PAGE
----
One Million Layoffs?
Grab the Maalox, it is not over yet. The flood of bad news that we were expecting is starting to accelerate. Job losses are mounting with huge numbers from airlines, 20K each from AMR and UAL and 30,000 from Boeing. Hotels, autos, retail, home builders, banks, it appears there is no safe haven. Economic analysts on Wednesday night estimated the over one million workers would lose their jobs as a direct result of the attack. Ordinarily this would not have been as critical but many sectors were only hanging on by a thread due to the economy and that was before the WTC.
There was a flurry of bad news on almost every front on Thursday. The news that 135 million shares in Disney had to be sold to cover a $2 billion margin call by the Sid Bass family rocked the markets. If billionaires were liquidating to cover margin calls then how were the average retail investors covering their bets? Tracking margin calls is spotty at best but several brokers did admit that they were considerably higher than usual. With each leg down the average retail investor averages down by buying more stock at the lower prices. If done on Margin the trap is severe. Each share increment becomes its own margin drain and the investor finds himself locked into the trade because of a lack of cash to bail out. Eventually he loses the majority of his investment. This eventual flushing of margin investors typically signals a bottom in the market once all the stock ends up back in institutional hands. Over $1 trillion in investor wealth has evaporated from the markets in the last four days and with the accelerated drop on Thursday it could have serious margin call implications for Friday's trading.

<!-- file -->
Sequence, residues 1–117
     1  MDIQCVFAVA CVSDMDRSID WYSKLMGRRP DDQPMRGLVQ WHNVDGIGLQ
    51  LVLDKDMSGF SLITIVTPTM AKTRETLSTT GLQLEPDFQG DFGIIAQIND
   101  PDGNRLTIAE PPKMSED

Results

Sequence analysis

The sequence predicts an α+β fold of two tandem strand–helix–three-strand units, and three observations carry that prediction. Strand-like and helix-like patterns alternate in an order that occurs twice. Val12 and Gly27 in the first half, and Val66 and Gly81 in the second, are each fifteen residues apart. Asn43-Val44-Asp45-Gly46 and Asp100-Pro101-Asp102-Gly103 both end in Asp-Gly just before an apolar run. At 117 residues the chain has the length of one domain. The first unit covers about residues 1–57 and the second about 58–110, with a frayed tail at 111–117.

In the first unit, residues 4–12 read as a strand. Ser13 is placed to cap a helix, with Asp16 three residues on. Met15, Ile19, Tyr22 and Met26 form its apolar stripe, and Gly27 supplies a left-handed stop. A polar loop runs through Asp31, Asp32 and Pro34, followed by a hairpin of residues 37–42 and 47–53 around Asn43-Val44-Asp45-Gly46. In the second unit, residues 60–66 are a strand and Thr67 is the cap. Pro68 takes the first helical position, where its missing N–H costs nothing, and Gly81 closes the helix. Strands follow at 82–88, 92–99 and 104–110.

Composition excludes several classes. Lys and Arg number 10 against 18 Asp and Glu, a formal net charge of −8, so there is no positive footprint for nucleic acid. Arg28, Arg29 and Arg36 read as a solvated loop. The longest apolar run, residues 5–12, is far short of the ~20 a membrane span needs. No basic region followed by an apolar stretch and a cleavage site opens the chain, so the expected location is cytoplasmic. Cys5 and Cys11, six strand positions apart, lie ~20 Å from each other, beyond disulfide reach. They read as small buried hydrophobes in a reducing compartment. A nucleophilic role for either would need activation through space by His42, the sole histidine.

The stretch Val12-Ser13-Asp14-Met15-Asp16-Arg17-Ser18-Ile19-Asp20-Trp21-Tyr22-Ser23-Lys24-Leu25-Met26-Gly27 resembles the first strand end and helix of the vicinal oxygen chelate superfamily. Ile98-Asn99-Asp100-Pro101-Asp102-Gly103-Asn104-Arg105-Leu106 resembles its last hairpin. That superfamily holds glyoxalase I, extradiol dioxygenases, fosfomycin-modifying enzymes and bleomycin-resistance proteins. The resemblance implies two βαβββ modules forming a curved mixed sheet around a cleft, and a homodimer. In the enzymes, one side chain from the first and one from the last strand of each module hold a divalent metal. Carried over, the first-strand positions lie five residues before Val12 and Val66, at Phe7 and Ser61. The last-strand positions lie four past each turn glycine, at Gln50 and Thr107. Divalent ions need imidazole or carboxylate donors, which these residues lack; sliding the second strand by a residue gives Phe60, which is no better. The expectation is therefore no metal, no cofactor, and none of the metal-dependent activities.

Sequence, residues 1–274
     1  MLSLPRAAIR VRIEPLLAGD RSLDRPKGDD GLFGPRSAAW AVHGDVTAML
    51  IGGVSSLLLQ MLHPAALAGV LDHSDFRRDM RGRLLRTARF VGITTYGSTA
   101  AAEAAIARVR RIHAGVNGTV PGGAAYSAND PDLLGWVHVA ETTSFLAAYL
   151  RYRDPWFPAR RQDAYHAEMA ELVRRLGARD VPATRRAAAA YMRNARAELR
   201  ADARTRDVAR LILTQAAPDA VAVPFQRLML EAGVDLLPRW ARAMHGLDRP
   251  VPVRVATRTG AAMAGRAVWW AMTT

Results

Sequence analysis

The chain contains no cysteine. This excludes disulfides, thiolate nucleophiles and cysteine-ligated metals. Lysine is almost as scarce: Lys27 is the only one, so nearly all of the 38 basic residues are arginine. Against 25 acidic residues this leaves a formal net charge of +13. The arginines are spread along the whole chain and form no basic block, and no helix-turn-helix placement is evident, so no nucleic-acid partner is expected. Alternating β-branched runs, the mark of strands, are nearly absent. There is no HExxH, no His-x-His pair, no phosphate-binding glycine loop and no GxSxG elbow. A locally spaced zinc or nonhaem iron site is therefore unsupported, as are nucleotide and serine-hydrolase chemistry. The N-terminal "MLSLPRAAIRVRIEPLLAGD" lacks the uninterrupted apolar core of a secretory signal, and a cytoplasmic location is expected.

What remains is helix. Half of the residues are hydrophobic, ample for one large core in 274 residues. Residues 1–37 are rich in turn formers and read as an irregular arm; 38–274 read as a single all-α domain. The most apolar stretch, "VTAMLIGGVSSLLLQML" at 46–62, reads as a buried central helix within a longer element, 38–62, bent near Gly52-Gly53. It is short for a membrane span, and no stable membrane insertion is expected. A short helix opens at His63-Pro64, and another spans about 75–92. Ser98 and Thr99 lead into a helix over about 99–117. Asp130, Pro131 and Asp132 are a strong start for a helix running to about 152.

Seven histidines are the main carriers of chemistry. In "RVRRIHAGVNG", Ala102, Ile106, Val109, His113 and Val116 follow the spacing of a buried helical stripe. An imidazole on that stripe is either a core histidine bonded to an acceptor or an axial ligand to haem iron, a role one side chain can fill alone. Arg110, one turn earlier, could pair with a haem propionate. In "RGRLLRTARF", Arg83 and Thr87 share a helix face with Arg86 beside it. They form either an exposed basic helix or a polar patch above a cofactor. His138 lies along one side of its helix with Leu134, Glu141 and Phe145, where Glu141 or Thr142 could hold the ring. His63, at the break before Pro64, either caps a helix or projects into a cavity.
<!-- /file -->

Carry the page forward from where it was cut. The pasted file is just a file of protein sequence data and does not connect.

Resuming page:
The Disney sale emphasizes that big money is not always right and when they make the same mistakes it is just more expensive. Actually the news from TrimTabs.com regarding fund flows for this week was not as bearish as I expected. For the three days ending Wednesday there was a $9 billion outflow from stock funds. Despite what the talking heads on stock TV have been saying about no real redemptions it appears the opposite is true. That number was for only three days and represents $3 billion per day. That is not as big as some expected but still huge. Funds were also selling for their own accounts. There was seven times the normal volume of asset rotation from stocks to bonds on Monday than normal. Tuesday was flat but Wednesday saw double the normal volume. The flight to safety has begun in earnest. The shorter end of the spectrum, two years, appears to be the preferred bet. Just get them out of harms way until the global events are more clear and any 2002 recovery is underway.